Central Statistical Services(1997) Household Income and Expenditure Survey, 1995. Pretoria: Government Printers. Central Statistical Services(1997) Tourism and Migration, September 1997. Pretoria: Government Printers. Department of Customs and Excise (1997)”Un-audited Trade Figures -1996”. Pretoria. FACTOR (Foundation to Assist Canadian Talent on Records) (1997) “Information on Factor”. http://www.factor.ca/ Independent Broadcast Association(1997) “ Contact List of On-Air Broadcasters”. South African Recording Rights Association Limited (1996) “Annual Financial Statement, 31 December 1996”. Johannesburg.

Government Papers
Department of Constitutional Development (1997) ”Green Paper on Local Government”. Government Gazette No. 18370. Pretoria. Ministry of Education (1997) “Draft Statement on the National Curriculum for Grades 1-9”. Government Gazette No. 18051. Pretoria.

Journals and Newspapers
Epic Financial Times (Music & Copyright) Fortune Magazine MusicWeek The Economist The Mail and Guardian (Friday Supplement) The Saturday Star The Star (Tonight Supplement)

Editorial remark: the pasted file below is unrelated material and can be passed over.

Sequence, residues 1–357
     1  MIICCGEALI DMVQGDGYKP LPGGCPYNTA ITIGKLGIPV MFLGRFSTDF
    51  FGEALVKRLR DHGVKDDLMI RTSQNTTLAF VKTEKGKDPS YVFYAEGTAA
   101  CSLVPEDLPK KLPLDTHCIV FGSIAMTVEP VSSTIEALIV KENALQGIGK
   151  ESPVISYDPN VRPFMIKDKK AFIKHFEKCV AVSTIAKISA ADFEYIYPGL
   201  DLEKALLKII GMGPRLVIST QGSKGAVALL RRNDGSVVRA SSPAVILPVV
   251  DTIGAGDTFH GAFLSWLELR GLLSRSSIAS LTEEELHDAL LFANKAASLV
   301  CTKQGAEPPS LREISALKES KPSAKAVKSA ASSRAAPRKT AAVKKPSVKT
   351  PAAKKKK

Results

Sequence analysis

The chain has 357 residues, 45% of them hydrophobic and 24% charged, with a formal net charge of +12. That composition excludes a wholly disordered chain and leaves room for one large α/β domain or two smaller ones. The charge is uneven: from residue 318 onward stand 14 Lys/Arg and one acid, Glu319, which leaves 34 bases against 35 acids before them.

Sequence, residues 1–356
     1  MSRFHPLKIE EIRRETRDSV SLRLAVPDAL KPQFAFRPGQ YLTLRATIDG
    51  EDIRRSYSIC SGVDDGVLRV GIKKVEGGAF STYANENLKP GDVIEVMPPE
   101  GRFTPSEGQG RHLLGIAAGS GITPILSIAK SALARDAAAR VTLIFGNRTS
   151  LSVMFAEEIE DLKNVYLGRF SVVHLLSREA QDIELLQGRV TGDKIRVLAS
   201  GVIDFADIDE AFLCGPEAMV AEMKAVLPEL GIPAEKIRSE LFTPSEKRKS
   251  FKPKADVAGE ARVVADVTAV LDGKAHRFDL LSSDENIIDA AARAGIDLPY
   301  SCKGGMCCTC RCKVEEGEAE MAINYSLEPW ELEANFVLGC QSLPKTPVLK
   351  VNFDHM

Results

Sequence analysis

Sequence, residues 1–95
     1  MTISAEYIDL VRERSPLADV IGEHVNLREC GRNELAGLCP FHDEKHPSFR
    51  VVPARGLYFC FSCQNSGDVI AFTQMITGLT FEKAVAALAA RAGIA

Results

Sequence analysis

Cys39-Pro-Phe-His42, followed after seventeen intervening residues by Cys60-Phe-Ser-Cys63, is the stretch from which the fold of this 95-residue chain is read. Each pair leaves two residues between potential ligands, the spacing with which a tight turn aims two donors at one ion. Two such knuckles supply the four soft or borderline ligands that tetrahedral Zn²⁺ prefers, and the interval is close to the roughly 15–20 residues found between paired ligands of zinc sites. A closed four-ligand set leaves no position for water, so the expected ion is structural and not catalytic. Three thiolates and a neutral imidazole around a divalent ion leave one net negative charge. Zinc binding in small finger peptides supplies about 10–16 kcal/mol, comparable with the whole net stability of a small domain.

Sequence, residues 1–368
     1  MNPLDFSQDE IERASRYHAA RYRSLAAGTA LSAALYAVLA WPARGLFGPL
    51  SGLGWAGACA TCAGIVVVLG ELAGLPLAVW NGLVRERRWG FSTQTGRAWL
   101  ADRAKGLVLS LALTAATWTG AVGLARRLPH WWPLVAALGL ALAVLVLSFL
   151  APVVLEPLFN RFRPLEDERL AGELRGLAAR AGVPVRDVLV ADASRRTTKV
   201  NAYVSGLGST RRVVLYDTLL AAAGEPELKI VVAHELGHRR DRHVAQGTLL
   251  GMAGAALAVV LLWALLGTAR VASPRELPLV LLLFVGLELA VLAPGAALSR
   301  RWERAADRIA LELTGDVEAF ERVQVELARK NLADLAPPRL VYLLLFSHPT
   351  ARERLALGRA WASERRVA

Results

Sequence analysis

Secondary Material
BMG Records Africa (1995) “Extraordinary late submission by BMG Records Africa to the Independent Broadcasting Authority regarding South African music content on radio”. Johannesburg. Bull, A. (1993) Coast to Coast: A Rock Fan’s U.S. Tour. Reading: Black Swan. Burnett, R. (1996) The Global Jukebox: The International Music Industry. London and New York: Routledge.

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Dean, O.(1997) “Needletime as a means of financing the local music industry”. Paper presented to the Conference on Local Content, Durban November 1997. Donald, K. (1996) “A Report commissioned by APSO on SARA, the South African Roadies Association, and its status in the South African music industry.” Hilburn, R. and Philips, C. “What’s Wrong With the Music Industry (and How to Fix it)?” Landry, C. and Bianchini, F. (1995) The Creative City. London: Demos in association with Comedia. Lopes, D.P. (1992) “Innovation and Diversity in the Popular Music Industry, 1969 to 1990”, in American Sociological Review. Lotriet, P. and Associates (1994) “Submission to the Independent Broadcasting Authority on Local Music Content as Seen against the Background of formatted music radio”. Music Business International (1998) The MBI World Report 1998. London: Miller Freeman Entertainment Ltd. Price Waterhouse (1993)“The Australian Music Industry: An Economic Profile”. Canberra. A report prepared for the Music Industry Advisory Council. Simon Xavier Horwarth Consulting (1994) A Strategic Vision for the Irish Music Industry. Dublin. Wallace, H. (1994) “What’s the score”, in The Musical Times, September pp 591-597. World Intellectual Property Organisation (1994) “General Information”. Geneva: WIPO Publication.